Sunshine on Apricots
The smell of a sun-warmed apricot transports me backwards in time, reliving a day spent picking fruit fresh from the tree with my great-grandmother as she regaled me with stories of living in a sod hut on the Colorado-Kansas border. Orphaned at an early age, she traveled west with her relatives, rode in a covered wagon, and spent her days riding her pony across the prairie. Great-Grandma was an interesting blend of her Mennonite heritage, despite her mother marrying out of the church, indoctrinated by the rigid feminine sphere of her religious background while possessing the heart of a rebel.
She taught me to blanch the apricots quickly in boiling water, transferring them into an ice-bath to shock the skins off, gently pitting them and then packing the golden orbs into her vintage canning jars, carefully wiping the rim after topping with simple syrup. The science of canning accompanied our activities. Great-Grandma explained how only fruits could be cold-packed and prepared in a waterbath canner, as they were high-acid and were not susceptible to botulism like low-acid vegetables. She fired my imagination with talk of recipes using the canned fruit, of rustic tarts reflecting the migration of her ancestors through the Alsace-Lorraine region of France prior to migrating to the American frontier, while at the same time chiding those who were too lazy to preserve, wasting hard earned cash at the store when nature provided so amply. To lack thrifty-ness rated as high a sin in her mind as being lazy. My mind replays her imprecation, “Idle hands become the devil’s play toy,” warning me against the hazards of being shiftless.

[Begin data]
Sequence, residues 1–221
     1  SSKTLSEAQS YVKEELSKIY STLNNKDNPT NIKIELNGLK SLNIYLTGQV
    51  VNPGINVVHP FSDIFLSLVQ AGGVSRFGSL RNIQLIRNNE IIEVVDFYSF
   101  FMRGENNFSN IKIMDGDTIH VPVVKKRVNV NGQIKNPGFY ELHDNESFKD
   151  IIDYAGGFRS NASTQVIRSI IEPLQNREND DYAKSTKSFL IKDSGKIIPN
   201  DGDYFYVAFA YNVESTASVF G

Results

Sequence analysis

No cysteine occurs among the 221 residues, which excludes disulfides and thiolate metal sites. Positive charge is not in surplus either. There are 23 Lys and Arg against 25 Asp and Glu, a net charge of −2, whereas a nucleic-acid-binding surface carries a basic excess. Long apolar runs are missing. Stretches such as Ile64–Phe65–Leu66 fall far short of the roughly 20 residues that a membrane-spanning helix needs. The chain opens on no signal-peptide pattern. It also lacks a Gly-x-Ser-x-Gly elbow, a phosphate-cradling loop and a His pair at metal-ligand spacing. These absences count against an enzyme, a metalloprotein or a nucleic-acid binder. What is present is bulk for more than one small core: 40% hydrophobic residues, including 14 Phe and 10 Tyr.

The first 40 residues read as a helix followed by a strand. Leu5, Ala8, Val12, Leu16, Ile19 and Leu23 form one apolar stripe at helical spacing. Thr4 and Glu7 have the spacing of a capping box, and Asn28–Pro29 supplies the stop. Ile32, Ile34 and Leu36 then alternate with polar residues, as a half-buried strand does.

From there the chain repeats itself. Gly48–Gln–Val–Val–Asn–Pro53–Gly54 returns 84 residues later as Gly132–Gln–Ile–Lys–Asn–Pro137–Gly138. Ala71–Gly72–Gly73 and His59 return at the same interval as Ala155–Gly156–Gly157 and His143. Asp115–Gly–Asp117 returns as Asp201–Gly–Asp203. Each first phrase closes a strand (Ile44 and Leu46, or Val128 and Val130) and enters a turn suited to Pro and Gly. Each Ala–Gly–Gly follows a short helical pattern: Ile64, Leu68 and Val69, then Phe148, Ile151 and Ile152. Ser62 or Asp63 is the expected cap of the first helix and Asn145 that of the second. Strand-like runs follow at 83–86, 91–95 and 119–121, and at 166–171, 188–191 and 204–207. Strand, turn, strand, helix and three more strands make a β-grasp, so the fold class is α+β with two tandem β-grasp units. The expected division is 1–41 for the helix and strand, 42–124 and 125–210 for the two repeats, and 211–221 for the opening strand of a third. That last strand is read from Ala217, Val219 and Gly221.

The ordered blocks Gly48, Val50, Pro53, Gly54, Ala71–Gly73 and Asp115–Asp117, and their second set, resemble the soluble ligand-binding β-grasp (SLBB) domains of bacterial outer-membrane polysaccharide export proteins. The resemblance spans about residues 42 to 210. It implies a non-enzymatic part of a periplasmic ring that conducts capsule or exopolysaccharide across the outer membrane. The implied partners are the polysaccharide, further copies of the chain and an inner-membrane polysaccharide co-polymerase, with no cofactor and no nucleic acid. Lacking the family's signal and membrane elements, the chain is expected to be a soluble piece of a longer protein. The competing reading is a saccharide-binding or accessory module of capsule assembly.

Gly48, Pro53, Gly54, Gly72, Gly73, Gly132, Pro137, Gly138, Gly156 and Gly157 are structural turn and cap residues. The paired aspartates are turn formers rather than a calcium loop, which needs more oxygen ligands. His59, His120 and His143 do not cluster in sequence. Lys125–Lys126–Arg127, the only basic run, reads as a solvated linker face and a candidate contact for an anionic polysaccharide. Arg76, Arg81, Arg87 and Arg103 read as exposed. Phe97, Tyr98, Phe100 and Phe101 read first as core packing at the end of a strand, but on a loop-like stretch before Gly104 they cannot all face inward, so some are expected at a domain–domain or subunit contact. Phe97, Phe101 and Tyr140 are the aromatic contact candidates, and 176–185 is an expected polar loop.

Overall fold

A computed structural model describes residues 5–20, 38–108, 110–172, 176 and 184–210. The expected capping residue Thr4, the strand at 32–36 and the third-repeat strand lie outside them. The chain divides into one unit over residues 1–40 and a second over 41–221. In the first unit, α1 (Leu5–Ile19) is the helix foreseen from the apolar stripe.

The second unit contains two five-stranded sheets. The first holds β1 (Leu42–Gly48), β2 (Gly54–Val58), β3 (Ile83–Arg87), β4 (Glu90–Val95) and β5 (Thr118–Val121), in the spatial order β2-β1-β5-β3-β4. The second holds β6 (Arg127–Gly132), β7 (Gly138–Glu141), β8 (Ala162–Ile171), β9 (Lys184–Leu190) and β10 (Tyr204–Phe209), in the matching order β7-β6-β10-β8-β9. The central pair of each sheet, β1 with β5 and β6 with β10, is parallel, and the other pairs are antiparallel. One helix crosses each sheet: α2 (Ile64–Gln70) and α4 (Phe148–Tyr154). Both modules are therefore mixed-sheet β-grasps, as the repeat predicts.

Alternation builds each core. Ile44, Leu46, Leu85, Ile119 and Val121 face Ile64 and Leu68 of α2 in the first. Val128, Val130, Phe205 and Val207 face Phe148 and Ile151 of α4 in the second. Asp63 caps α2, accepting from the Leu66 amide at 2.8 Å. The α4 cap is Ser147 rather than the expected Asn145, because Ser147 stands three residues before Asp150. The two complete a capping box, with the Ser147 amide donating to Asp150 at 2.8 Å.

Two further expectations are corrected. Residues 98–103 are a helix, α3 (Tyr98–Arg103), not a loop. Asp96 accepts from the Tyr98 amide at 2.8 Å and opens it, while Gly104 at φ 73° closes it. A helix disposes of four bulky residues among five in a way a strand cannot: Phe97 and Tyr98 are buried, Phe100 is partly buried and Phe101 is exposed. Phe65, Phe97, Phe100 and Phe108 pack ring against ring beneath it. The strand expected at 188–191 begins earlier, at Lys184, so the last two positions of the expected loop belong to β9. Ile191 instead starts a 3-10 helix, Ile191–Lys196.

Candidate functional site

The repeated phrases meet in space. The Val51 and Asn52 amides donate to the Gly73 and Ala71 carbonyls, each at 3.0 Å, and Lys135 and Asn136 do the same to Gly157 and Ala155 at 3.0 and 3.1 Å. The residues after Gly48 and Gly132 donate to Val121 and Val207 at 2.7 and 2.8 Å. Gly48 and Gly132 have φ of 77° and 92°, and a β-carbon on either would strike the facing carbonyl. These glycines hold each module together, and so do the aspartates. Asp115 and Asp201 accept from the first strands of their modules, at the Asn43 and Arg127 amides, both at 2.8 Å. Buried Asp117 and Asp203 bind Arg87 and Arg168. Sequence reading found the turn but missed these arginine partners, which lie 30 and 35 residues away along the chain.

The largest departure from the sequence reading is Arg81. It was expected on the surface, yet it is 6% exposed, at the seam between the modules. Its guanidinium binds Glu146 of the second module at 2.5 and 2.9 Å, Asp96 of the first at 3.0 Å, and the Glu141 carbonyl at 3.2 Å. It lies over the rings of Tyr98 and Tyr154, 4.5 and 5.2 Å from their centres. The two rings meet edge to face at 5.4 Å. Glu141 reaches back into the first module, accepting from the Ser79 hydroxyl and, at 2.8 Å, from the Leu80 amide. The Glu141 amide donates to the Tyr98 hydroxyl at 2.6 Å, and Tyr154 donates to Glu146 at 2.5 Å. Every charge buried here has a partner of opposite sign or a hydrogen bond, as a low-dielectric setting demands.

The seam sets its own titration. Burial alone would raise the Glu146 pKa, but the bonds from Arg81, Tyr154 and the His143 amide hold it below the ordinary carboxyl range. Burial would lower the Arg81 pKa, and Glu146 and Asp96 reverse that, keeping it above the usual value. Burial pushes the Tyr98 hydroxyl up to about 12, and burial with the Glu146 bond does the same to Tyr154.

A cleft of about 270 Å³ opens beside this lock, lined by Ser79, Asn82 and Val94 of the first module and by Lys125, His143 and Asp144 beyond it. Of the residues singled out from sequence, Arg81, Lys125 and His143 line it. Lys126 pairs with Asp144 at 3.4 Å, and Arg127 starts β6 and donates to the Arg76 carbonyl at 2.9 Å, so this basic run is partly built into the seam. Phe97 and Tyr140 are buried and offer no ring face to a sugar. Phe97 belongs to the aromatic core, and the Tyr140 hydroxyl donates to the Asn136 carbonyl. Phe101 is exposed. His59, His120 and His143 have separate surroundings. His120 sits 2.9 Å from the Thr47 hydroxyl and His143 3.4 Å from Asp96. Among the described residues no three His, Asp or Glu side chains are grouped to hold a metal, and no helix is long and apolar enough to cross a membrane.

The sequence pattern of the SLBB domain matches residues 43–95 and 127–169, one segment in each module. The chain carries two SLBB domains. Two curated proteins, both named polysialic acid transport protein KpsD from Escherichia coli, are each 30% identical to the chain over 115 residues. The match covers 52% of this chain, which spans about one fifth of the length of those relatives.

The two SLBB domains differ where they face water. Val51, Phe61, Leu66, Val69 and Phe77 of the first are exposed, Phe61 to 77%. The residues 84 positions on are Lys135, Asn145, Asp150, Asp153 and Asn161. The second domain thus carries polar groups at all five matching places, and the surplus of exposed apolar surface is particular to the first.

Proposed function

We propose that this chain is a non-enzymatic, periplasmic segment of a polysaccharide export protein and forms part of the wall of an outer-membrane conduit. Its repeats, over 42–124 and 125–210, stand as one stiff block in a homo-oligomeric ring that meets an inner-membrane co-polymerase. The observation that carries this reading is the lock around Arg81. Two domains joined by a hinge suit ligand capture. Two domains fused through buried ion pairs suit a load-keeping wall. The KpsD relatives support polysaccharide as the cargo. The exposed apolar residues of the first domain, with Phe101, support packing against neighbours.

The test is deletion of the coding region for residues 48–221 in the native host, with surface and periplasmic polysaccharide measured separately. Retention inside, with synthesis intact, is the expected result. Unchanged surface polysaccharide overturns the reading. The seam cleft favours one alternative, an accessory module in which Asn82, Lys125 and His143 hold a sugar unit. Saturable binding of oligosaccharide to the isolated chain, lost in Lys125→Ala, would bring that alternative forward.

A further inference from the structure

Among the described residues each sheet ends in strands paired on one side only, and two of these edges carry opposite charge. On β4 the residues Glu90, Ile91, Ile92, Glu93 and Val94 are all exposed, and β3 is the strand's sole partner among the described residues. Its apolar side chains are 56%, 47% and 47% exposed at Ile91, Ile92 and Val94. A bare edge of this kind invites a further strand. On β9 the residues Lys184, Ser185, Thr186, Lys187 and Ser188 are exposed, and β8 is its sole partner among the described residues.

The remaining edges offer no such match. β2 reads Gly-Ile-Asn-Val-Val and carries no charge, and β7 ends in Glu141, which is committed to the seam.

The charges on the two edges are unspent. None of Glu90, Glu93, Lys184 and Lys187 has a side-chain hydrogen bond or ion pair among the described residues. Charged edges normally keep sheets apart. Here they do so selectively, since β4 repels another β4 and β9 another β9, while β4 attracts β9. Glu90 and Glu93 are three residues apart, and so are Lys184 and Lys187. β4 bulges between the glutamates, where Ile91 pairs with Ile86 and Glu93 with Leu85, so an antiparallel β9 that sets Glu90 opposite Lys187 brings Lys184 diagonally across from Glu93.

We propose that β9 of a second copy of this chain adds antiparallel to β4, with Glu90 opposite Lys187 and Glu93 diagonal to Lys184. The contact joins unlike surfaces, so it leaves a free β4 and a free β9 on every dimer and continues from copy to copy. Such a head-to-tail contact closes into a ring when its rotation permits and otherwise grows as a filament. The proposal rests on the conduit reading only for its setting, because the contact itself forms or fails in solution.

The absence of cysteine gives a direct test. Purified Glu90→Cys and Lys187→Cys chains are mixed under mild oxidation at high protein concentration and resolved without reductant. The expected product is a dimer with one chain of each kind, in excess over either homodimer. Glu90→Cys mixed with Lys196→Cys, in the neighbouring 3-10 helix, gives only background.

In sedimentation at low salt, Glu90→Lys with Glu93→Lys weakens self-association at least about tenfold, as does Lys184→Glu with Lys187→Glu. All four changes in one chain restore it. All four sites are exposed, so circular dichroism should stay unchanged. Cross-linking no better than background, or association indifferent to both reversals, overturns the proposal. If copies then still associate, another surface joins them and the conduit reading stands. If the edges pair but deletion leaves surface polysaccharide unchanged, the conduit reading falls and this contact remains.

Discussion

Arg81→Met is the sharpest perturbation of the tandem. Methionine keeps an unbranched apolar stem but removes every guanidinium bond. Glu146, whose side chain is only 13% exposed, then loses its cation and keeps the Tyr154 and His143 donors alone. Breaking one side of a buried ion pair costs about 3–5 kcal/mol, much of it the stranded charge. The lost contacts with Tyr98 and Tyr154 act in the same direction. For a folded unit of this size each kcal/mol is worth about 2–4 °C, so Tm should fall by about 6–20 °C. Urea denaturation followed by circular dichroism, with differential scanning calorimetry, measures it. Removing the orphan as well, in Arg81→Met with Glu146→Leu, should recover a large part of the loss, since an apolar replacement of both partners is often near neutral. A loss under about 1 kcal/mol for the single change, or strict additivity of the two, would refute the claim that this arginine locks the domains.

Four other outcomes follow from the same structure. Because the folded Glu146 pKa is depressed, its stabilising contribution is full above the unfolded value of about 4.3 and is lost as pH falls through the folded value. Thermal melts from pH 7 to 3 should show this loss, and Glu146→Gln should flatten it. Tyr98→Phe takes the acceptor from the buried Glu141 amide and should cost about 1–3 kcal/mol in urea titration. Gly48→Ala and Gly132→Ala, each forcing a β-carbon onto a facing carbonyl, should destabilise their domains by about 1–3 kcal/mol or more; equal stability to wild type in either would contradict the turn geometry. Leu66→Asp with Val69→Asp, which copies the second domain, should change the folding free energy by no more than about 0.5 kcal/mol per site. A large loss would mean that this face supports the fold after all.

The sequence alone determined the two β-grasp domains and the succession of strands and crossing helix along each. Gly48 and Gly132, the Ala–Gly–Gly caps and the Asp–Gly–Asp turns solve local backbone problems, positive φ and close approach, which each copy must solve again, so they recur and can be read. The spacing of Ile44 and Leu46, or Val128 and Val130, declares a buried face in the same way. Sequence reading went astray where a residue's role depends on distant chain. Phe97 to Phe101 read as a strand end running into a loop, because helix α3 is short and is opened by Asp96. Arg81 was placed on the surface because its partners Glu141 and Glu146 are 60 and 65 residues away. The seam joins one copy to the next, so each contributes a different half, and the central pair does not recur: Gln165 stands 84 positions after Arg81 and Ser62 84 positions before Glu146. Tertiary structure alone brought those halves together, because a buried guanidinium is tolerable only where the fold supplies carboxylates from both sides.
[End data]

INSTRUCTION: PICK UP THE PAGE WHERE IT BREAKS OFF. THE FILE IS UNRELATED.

Pits and peals were piled into a stock pot, simmered, and then strained for their juice, which became a marvelous golden jelly that glowed in the sunlight and delighted the taste buds. Recycled jars, small jars such as those containing olives, and small condiments were filled with the jelly and topped with paraffin wax, eliminating the need to waste money on canning seals. The remaining skins and pits, depleted of nutritional value, were then tossed into her compost pile, later to be spread as a soil amendment upon her flower beds, the one vanity she possessed.
I recently purchased a case of apricots, lacking the opportunity to pick fresh. The aroma of the fruit brought memories rushing back, and in my mind I was wearing one of Great-Grandma’s aprons, holding the corner with my left hand as I picked with my right, while bees buzzed gently and the sun warmed my face. Although she has been gone these past fifteen years, having given up the fight at the ripe old age of one-hundred and four, she stands beside me in my modern kitchen, coaching me as if I were still a child.
People often look askance at me when I mention canning, the braver ones questioning if I am “one of those doomsday preppers.” Others find it quaint, a lost art, and mention how their mothers and grandmothers canned, while shaking their heads at the thought of all the hard work it entails. My frequent response is that I prefer to know what is in the food I feed my family. While being true, this keeps me from having to explain through the lump in my throat that canning brings me to the awareness that I am a compilation of all the women who came before me, and each jar on my shelf speaks to me, not only of their love and pride, but of who I am—having inherited a bit of Great-Grandma’s rebel nature.